7 Shortly after Israel had crossed the Jordan River, the people again gathered to review what Jehovah had told them by means of Moses. The nation assembled about 30 miles [50 km] north of Jerusalem. Half the tribes were in front of Mount Ebal, and half were in front of Mount Gerizim. There Joshua “read aloud all the words of the law, the blessing and the malediction.” Thus the men, the women, and the little ones, along with the alien residents, heard a timely restatement of the laws governing conduct that would result in Jehovah’s disapproval and of the blessings they would receive if they obeyed Jehovah. (Joshua 8:34, 35) They needed to have clearly in mind what was good and what was bad from Jehovah’s standpoint. Furthermore, they needed to etch on their hearts a love of what is good and a hatred of what is bad, as does each one of us today.—Psalm 97:10; 119:103, 104; Amos 5:15.
8. What was the benefit of the periodic reading of God’s Word at certain national assemblies in Israel?
8 In addition to readings of the Law on those historic occasions, a provision for regular reading of God’s Word was outlined at Deuteronomy 31:10-12. Every seventh year the entire nation was to gather to hear a reading of God’s Word. This provided spiritual food for them. It kept alive in their minds and hearts the promises about the Seed and thus served to direct faithful ones to the Messiah. The arrangements for spiritual feeding that were instituted when Israel was in the wilderness did not dry up when they entered the Promised Land. (1 Corinthians 10:3, 4) Instead, God’s Word was enriched by including the further revelations of the prophets.
9. (a) Was it only when Israelites assembled in large groups that they read the Scriptures? Explain. (b) How was instruction in the Scriptures given within individual families, and with what objective?
9 Review of the counsel of God’s Word was not to be restricted only to those times when the people were assembled in a large group. Portions of the Word of God and the principles embodied in it were to be discussed every day. (Deuteronomy 6:4-9) In most places today, it is possible for young people to have a personal copy of the Bible, and it is very beneficial for them to do so. But in ancient Israel, that was not the case. Back then, when parents gave instruction from God’s Word, they had to rely on what they had memorized and on the truths that they cherished in their hearts, along with whatever small excerpts they may have personally written down. By frequent repetition, they would endeavor to build up in their children a love for Jehovah and his ways. The objective was not simply to have a head full of facts but to help each family member to live in such a way as to manifest love for Jehovah and his Word.—Deuteronomy 11:18, 19, 22, 23.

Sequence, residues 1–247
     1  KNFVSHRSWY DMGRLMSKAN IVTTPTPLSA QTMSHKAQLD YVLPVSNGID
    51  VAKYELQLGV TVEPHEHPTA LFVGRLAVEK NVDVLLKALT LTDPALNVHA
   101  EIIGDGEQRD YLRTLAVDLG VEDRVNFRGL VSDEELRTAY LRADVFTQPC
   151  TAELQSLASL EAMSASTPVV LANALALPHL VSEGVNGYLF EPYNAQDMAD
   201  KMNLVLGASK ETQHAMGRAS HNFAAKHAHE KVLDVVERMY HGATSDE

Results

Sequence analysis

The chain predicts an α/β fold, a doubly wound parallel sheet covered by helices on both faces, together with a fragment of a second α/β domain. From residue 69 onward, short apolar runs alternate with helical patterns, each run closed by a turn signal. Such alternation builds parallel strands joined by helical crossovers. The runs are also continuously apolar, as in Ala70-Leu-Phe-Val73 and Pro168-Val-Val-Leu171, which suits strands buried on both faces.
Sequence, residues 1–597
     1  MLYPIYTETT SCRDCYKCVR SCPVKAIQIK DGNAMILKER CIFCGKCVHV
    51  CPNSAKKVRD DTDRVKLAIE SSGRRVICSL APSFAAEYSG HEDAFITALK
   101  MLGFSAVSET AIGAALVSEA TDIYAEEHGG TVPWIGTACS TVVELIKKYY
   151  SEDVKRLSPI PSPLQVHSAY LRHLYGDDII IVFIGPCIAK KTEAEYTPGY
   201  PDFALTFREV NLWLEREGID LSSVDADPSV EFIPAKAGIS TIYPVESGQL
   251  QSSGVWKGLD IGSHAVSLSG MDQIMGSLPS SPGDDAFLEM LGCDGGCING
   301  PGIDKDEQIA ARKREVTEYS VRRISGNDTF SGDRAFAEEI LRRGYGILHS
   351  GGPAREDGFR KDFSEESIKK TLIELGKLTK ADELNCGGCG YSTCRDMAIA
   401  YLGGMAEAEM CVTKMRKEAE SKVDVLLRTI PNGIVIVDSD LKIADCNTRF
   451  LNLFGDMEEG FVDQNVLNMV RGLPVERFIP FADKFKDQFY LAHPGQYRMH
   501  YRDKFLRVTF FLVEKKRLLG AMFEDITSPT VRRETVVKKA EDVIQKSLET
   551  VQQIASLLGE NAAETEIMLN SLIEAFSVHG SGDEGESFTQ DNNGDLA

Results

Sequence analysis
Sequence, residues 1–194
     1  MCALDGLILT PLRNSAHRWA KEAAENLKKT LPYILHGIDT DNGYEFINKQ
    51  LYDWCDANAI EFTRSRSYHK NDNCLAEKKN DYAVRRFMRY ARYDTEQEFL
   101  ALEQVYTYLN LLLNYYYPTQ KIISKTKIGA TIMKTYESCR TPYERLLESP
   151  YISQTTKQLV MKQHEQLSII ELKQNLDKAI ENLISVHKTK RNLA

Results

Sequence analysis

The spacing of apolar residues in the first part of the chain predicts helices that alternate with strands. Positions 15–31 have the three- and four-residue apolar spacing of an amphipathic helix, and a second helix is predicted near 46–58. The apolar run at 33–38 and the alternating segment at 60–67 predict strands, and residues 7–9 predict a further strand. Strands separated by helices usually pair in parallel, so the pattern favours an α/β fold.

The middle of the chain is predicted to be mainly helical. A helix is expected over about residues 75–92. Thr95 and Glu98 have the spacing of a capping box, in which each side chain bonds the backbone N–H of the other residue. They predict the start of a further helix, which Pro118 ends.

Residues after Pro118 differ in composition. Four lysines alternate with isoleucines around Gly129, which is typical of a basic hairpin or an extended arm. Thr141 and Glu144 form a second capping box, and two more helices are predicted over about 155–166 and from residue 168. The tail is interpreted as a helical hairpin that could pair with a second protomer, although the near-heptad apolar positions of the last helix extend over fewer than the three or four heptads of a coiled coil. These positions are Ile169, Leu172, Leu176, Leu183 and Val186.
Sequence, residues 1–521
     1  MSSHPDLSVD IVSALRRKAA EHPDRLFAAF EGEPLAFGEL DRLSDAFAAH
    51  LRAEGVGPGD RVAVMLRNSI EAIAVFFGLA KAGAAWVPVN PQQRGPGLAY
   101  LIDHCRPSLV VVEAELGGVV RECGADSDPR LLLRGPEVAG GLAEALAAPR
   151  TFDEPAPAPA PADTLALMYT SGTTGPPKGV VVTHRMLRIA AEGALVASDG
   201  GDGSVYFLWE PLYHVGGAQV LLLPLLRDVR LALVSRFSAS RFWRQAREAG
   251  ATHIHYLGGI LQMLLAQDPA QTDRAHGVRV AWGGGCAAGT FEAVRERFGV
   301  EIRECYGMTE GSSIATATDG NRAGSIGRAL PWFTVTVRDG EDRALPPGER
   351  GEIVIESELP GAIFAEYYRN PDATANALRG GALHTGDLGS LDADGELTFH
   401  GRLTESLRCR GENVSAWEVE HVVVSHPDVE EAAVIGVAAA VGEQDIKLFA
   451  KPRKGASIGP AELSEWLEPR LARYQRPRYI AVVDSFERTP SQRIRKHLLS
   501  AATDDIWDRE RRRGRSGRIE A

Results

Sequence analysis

Scripture Reading in the Synagogues
10, 11. What program of Scripture reading was followed in the synagogues, and how did Jesus view these occasions?
10 Some time after the Jews were taken into exile in Babylon, synagogues were established as places for worship. In order for God’s Word to be read and discussed at these meeting places, more copies of the Scriptures were made. This was a factor in the survival of some 6,000 ancient handwritten copies containing portions of the Hebrew Scriptures.
11 An important segment of the synagogue service was the reading of the Torah, equivalent to the first five books of modern-day Bibles. Acts 15:21 reports that in the first century C.E., such reading was done on every Sabbath, and the Mishnah shows that by the second century, there were also Torah readings on the second and fifth days of the week. A number of individuals shared in reading assigned portions, one after the other. The custom of Jews who lived in Babylon was to read the entire Torah yearly; the custom in Palestine was to spread the reading out over a period of three years. A portion from the Prophets was also read and explained. It was the custom of Jesus to be present for Sabbath Bible-reading programs in the place where he lived.—Luke 4:16-21.
Personal Response and Application
12. (a) When Moses read the Law to the people, how did the people benefit? (b) How did the people respond?
12 Reading of the inspired Scriptures was not meant to be merely a formalism. It was not done simply to satisfy the curiosity of the people. When Moses read “the book of the covenant” to Israel on the plain facing Mount Sinai, he did so in order that they would know their responsibilities before God and fulfill these. Would they? The reading called for a response. The people recognized that, and they spoke up, saying: “All that Jehovah has spoken we are willing to do and be obedient.”—Exodus 24:7; compare Exodus 19:8; 24:3.
13. When Joshua read the curses for disobedience, what were the people to do, with what objective?
13 Later, when Joshua read to the nation the promised blessings and the curses, or maledictions, a response was called for. After each of the maledictions, the instruction was given: “And all the people must say, ‘Amen!’” (Deuteronomy 27:4-26) Thus, point by point they went on record as agreeing with Jehovah’s condemnation of the cited wrongs. What an impressive event it must have been when the entire nation thundered its agreement!
14. In the days of Nehemiah, why did public reading of the Law prove to be especially beneficial?